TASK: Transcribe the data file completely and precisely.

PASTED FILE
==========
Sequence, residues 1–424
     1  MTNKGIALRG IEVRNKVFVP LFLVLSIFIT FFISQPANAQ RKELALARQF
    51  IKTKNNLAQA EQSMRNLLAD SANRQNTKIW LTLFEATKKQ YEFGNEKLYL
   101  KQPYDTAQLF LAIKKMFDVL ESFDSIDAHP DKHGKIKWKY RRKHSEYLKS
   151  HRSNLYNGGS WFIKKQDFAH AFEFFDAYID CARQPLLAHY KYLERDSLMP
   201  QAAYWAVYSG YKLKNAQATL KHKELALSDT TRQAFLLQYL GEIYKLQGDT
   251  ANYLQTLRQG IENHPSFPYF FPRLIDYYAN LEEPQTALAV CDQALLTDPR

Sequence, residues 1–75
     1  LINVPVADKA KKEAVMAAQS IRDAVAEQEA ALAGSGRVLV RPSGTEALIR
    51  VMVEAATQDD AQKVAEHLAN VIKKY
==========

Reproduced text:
Sequence, residues 1–424
     1  MTNKGIALRG IEVRNKVFVP LFLVLSIFIT FFISQPANAQ RKELALARQF
    51  IKTKNNLAQA EQSMRNLLAD SANRQNTKIW LTLFEATKKQ YEFGNEKLYL
   101  KQPYDTAQLF LAIKKMFDVL ESFDSIDAHP DKHGKIKWKY RRKHSEYLKS
   151  HRSNLYNGGS WFIKKQDFAH AFEFFDAYID CARQPLLAHY KYLERDSLMP
   201  QAAYWAVYSG YKLKNAQATL KHKELALSDT TRQAFLLQYL GEIYKLQGDT
   251  ANYLQTLRQG IENHPSFPYF FPRLIDYYAN LEEPQTALAV CDQALLTDPR

Sequence, residues 1–75
     1  LINVPVADKA KKEAVMAAQS IRDAVAEQEA ALAGSGRVLV RPSGTEALIR
    51  VMVEAATQDD AQKVAEHLAN VIKKY